2007 George Washington Dollar Coin Value (Rare Errors, “D”, “S” & “P” Mint Marks)

Despite their place as a symbol of America’s first president, George Washington dollar coins don’t generally command a high price due to their abundant availability. Yet, for newcomers to the world of coin collecting, these coins serve as an accessible and delightful addition, especially when found in an unblemished, mint condition.

For those enthusiasts keen on expanding their collection without straining their wallet, these coins present a perfect opportunity. With a small investment, usually just a few dollars, one can possess a tangible piece of American history.

Moreover, while these coins are typically easy to come by and affordable, there is a unique aspect that keeps collectors intrigued: the occasional errors that can be found in this series. These error coins, though not common, can fetch a significantly higher price when they appear in the market.

2007 George Washington Dollar Coin Value Guide

Variant MS 65 PR 65
2007 P (Philadelphia) Coin $2.30
2007 D (Denver) Coin $2.30
2007 S (San Francisco) Proof Coin $11.00

Data sourced from the USA Coin Book

The Inception of the George Washington Dollar Coin: A Look Back to 2007

In 2005, a proposal was brought to the table by Senator John E. Sununu that would forge a new connection between Americans and their past leaders. This proposal wasn’t a bill or a policy, but rather something much more tactile—it was for a series of coins. Sununu’s vision, backed by a noteworthy assembly of 70 advocates, was embraced with open arms, giving rise to the Presidential Dollar Coin Program.

In the year 2007, a pivotal event unfolded within the United States Mint. It commenced production of a remarkable set of coins, each one designed to bear the likeness of an American President on one side, and the iconic Statue of Liberty on the other. These weren’t just everyday coins; they were a celebration of history, a tribute to leadership, and an educational tool in metallic form.

The journey of these unique coins began on a crisp winter day—February 15, 2007, to be precise—with none other than the first President of the United States, George Washington, gracing the inaugural coin. From that point onward, a fresh coin, showcasing the next in line of America’s leaders, was brought to life and released into public hands at regular intervals, a tradition that continued seamlessly until 2016.

Production Details of the 2007 George Washington Dollar Coin

Mint Location Coin Variant Number Produced
Philadelphia 2007 P Dollar 176,680,000
Denver 2007 D Dollar 163,680,000
San Francisco 2007 S Dollar (Proof) 3,965,989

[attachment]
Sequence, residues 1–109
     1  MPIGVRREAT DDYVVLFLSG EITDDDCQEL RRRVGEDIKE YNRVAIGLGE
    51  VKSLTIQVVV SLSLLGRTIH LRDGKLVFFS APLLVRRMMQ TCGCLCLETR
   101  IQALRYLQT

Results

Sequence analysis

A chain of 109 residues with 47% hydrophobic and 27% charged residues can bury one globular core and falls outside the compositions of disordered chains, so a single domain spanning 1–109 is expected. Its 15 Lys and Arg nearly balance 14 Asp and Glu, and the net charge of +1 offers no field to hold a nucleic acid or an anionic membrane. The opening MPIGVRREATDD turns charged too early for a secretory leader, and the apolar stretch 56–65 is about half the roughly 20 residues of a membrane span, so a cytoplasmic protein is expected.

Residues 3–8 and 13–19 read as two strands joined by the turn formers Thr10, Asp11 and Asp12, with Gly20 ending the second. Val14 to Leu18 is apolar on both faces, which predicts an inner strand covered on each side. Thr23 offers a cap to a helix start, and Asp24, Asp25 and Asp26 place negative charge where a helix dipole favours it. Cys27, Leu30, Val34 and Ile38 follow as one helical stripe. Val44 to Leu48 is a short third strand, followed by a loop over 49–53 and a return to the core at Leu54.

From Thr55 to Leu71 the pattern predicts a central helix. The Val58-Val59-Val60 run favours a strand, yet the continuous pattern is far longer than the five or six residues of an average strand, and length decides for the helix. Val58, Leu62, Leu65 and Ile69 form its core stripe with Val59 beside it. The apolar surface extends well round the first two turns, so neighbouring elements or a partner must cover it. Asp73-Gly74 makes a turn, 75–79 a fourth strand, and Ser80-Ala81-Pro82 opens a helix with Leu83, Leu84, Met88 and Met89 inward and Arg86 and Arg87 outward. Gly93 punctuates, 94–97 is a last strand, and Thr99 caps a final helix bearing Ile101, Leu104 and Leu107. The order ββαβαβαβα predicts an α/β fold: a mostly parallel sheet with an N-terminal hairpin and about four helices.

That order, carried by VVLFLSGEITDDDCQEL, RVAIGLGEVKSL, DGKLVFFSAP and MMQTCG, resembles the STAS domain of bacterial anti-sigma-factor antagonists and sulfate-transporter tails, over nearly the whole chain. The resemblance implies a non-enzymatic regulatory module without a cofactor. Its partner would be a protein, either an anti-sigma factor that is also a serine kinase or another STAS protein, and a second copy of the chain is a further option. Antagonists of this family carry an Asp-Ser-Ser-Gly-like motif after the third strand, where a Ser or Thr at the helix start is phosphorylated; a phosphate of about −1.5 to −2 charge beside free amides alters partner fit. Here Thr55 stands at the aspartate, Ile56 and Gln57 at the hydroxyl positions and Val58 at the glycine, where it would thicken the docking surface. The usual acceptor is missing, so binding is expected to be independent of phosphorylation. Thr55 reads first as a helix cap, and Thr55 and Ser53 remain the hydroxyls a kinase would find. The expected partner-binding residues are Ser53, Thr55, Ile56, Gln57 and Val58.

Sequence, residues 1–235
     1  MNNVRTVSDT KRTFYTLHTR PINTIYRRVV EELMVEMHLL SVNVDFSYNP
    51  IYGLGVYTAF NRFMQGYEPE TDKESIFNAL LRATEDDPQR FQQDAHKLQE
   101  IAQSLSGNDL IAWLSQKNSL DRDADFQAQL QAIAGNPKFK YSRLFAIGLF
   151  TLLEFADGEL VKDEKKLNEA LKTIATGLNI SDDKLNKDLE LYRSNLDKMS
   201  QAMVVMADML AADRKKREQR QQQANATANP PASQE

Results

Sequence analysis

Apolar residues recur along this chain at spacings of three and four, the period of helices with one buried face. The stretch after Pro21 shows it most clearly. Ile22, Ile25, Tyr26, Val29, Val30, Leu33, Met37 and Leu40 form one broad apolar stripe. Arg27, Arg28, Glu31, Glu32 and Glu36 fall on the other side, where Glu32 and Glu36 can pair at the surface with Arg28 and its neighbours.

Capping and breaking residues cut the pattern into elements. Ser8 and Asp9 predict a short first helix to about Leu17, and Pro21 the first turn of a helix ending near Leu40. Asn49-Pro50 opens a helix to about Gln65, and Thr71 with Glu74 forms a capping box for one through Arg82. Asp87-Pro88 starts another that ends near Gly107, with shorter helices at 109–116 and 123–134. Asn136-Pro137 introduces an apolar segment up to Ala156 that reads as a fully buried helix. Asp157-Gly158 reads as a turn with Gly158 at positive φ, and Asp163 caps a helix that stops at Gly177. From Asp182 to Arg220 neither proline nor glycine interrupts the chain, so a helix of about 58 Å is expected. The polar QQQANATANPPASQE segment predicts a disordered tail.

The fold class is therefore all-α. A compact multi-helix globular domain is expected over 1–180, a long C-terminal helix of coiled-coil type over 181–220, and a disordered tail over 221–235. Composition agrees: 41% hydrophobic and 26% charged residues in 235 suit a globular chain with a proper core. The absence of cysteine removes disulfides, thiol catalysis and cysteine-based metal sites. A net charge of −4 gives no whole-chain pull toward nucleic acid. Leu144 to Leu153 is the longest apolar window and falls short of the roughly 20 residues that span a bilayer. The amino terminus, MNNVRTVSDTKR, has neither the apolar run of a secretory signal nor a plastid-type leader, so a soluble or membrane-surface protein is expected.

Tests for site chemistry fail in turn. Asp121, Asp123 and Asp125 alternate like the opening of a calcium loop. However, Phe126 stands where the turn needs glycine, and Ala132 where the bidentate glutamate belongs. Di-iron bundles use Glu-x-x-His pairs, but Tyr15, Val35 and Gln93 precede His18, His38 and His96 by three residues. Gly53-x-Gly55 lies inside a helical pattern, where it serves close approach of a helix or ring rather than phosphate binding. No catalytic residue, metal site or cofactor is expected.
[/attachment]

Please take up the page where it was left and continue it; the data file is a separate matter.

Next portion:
Total 344,325,989

While lacking in precious metal content, these coins carried a different form of value. Their radiant, golden hue imparted a distinctive charm, earning them a place in what has lovingly been termed the Golden Dollar Collection, despite them not containing an ounce of actual gold. They gleamed as a symbol, not of wealth, but of a nation’s rich history and its reverence for the leaders who shaped it.

The Inception of the George Washington Presidential Dollar in 2007

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In 2007, the United States Mint embarked on an ambitious journey, unveiling a series of dollar coins commemorating the nation’s leaders, starting with the very first President. The inaugural coin featured a beautiful depiction of George Washington, crafted by the renowned artist Don Everhart.

This wasn’t a solitary endeavor, however. In the same year, three additional presidential coins were minted, each adorned with the visage of a different U.S. President. These coins were not merely historical tributes, but symbols of the values and legacies of the men they represented.

Here is a glimpse into the 2007 lineup of these Presidential Dollars:

President Years in Office Release Date
George Washington 1789–1797 February 16
John Adams 1797–1801 May 18
Thomas Jefferson 1801–1809 August 17
James Madison 1809–1817 November 16

With the gleam of these newly minted coins, the U.S. celebrated the storied past of its highest office. This series gracefully concluded with the issuance of a coin for the 40th President in 2016.

The future of this commemorative series remains a tantalizing question—will new coins continue to join this illustrious lineup, or has the final chapter of this numismatic story been written?

The Front Side of the George Washington Presidential Dollar, Minted in 2007

In 2007, a special commemorative coin was released into circulation to honor George Washington, the inaugural President of the United States. His time in office, spanning from 1789 to 1797, is elegantly commemorated on this piece. Instead of the traditional design, this particular coin bears a dual date under Washington’s likeness, capturing the span of his presidency.

Remarkably, this dollar coin stands out from its contemporaries in American coinage. Joseph Menna, a distinguished medallic artist and the chief engraver at the time, took a novel approach with this design. He chose to place distinctive engravings along the coin’s edge, a departure from the norm.

Above Washington’s dignified portrait, his name—GEORGE WASHINGTON—is proudly displayed, creating a striking visual tribute. Below, the designation 1ST PRESIDENT is paired with the years 1789-1797, which mark the duration of his time as the nation’s leader. To add a personal touch, Menna subtly inscribed his initials onto Washington’s collar, like an artist signing a masterpiece.

The Back Side of the 2007 George Washington Presidential Dollar

The reverse side of this commemorative coin is the work of Don Everhart, a seasoned designer and sculptor-engraver. His creative vision brought forth a design that is both symbolic and aesthetically pleasing.